At the very top we have the Radeon RX 5700 XT which is high-end graphics card with 40 Compute Units. This should give you an excess of 60 frames per second and you will even be able to enjoy all the advanced graphics Technologies such as FidelityFX that are included in current generation AAA video games. Every single Radeon RX graphics card lets you turn on FidelityFX technologies such as Screen Space Reflections, Ambient Occlusion and Contrast Adaptive Sharpening.

Now that you have a good understanding of graphics cards and processors, let’s take a look at motherboards which bring both of these together.

Motherboards

A motherboard or mainboard is the main PCB on which you mount all the important components that make up your computer. This includes the CPU, the graphics card, RAM, storage such as SSDs and Hard drives and any additional add-in cards. Motherboards are primarily classified on the basis of their socket and the chipset. The socket on your motherboard is where the CPU goes in and the chipset is what determines all the features that you can make use of. The chipset controls the number of peripherals that you can connect, the speed of the PCIe lanes, and some of the features that the processor has. There are several chipsets for a given socket and each offers a certain subset of features. Even if a processor is physically compatible with a socket, it might not be compatible with the chipset that is present on the motherboard. Hence, it is very important that you focus on the compatibility of your processor and the chipset on the motherboard. Here’s a list of all the different chipsets and their features at a glance.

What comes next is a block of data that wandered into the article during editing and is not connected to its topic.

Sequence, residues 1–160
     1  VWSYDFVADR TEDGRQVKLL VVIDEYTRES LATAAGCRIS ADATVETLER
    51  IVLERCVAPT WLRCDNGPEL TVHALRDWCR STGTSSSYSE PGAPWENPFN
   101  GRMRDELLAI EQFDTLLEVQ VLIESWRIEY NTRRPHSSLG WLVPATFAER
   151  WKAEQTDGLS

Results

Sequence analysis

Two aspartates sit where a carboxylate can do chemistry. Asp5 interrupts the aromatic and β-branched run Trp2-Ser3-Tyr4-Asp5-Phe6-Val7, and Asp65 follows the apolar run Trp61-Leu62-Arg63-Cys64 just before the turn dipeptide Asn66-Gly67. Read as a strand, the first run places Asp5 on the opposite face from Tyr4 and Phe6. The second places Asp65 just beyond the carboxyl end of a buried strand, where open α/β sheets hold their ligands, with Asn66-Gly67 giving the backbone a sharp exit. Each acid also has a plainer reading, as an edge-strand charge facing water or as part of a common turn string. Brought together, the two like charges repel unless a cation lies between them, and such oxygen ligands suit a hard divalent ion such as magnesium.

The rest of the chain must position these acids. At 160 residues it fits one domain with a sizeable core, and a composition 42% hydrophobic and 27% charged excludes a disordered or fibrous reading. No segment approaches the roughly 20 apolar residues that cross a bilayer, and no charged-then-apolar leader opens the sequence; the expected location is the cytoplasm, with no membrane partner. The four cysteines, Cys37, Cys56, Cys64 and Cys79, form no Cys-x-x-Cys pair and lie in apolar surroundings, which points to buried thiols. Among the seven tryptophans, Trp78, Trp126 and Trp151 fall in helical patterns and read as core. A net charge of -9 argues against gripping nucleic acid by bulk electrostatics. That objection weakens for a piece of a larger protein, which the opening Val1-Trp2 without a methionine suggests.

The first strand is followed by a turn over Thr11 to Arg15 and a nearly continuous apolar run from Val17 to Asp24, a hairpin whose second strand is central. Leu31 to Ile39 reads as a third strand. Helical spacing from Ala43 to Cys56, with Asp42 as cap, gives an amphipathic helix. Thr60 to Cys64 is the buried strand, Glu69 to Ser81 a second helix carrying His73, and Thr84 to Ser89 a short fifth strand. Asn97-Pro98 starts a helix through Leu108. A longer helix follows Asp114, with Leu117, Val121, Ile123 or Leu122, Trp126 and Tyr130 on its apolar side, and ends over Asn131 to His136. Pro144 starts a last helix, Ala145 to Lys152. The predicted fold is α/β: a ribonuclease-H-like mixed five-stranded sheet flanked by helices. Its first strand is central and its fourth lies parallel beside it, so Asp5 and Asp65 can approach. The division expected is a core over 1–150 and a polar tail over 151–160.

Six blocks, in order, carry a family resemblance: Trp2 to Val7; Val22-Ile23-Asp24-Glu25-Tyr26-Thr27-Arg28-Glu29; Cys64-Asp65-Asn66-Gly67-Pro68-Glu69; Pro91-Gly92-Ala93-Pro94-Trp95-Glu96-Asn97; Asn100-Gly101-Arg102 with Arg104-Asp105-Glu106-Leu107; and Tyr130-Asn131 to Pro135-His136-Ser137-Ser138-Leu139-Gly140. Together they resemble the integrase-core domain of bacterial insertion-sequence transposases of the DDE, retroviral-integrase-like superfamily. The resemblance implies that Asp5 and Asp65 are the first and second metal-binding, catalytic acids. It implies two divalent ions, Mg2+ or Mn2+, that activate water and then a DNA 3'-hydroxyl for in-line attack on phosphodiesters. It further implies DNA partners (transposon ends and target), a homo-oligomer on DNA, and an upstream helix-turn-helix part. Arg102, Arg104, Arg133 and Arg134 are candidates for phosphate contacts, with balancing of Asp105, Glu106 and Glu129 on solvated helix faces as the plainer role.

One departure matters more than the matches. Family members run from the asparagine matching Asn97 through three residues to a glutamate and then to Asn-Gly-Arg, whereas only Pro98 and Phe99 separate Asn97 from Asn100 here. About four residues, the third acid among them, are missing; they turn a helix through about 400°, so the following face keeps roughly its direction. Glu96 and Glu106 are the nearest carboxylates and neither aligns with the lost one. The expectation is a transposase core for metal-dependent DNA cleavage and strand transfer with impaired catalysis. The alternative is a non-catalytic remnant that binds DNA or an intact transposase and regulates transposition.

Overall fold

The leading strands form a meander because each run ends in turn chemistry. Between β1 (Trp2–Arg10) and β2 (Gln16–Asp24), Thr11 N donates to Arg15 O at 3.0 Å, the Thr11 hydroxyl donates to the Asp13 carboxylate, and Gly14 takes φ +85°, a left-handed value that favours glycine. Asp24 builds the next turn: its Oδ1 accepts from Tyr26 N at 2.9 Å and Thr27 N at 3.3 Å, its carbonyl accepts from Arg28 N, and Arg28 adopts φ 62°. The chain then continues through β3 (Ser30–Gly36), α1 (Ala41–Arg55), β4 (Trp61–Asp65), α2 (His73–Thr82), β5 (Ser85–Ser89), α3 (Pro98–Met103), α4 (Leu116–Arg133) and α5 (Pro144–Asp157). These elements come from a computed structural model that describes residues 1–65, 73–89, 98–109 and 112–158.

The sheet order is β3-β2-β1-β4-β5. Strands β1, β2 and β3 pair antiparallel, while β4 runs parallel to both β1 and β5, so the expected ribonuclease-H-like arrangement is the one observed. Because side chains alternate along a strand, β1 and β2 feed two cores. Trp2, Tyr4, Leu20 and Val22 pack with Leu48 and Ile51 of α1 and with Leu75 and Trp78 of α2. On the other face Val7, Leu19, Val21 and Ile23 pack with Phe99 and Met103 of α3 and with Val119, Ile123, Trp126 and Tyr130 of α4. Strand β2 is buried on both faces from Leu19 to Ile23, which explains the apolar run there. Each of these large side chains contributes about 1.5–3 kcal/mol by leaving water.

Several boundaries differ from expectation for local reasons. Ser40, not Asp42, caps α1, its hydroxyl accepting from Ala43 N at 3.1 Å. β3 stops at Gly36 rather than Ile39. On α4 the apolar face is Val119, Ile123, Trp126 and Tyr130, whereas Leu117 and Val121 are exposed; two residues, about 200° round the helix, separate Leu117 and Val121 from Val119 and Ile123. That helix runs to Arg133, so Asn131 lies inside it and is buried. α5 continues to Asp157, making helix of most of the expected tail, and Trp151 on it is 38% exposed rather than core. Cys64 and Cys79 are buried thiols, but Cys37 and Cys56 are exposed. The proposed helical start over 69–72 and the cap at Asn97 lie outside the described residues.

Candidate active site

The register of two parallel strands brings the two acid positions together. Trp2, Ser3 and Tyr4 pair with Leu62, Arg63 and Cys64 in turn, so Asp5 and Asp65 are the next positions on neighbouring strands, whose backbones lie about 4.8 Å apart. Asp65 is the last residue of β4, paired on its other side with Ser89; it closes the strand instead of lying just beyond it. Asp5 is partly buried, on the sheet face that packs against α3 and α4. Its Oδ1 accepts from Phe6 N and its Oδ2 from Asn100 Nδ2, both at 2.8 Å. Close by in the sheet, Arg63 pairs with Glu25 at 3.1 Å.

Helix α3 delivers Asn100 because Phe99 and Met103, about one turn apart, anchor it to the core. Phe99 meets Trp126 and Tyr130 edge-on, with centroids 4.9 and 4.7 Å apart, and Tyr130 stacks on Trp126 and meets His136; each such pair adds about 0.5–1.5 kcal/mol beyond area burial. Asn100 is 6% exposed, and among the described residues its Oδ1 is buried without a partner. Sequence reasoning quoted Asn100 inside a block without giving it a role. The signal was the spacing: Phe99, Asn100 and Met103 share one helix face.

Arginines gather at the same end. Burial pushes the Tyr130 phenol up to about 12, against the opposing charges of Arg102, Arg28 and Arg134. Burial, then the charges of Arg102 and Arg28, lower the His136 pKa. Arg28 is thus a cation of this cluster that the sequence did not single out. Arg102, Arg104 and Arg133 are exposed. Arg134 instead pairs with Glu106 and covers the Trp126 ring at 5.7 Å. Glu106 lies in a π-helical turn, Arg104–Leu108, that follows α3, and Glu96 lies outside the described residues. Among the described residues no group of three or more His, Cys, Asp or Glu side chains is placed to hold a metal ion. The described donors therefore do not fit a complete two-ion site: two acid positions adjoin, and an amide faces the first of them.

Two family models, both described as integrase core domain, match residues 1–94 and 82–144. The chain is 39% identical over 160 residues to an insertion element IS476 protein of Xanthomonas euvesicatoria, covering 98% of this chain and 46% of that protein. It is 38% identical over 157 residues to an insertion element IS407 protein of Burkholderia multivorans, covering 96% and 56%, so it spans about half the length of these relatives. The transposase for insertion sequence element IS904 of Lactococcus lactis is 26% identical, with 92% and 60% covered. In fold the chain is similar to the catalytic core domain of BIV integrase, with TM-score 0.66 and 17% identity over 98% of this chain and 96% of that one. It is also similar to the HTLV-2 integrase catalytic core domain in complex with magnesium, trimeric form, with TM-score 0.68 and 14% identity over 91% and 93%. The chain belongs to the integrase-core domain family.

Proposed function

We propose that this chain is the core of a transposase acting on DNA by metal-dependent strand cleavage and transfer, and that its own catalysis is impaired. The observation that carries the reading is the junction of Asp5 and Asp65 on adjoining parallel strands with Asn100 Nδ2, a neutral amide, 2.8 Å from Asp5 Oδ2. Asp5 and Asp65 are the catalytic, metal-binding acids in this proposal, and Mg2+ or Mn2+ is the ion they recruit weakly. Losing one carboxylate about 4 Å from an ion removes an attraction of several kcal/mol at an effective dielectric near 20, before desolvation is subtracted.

Let’s take a look at the B550 AORUS PRO motherboard as an example. Often, the chipset name is part of the motherboard model number. In this case, the B550 AORUS PRO is powered by the B550 chipset and it uses the AM4 socket. We’ll go over the key aspects of a motherboard that you should focus on. 

  • At the top lies the power connector for the CPU. This can be a 4-pin, or an 8-pin connector as seen here. In certain boards which consume a lot more power, we even have two 8-pin connectors. 
  • Then we have the CPU socket which is an AM4 socket in this case. The lever on the side is what you use to unlatch the socket for CPU installation.
  • On the right of the motherboard lie the RAM slots which are four in number on this board. 
  • To the right of the RAM slots lies the 24-pin ATX motherboard power connector. 
  • The big hunk of metal under the RAM slots is a heatsink for the chipset which lies under it. 
  • To the right of the chipset are the SATA (or Serial ATA) connectors for hard drives. 
  • On the left hand side are all the PCIe slots for attaching add-in cards such as graphics cards, sound cards, RAID cards, etc. You can see that some of the PCIe slots have additional metal covers which help reinforce the slot. Also, you’ll notice that the PCIe slots come in different lengths. PCIe slots are commonly segregated on the basis of how many PCIe lanes they have. A lane is simply a path for communication between the device connected to the slot and your chipset or CPU. The full-sized slot you see at the top is an x16 PCIe slot and the small one beneath it is an x1 PCIe slot. Under that you will see what appears to be a PCIe X16 slot but is actually a PCIe x8 slot. Upon closer inspection, you’ll notice that the slot is not completely wired from one end to the other.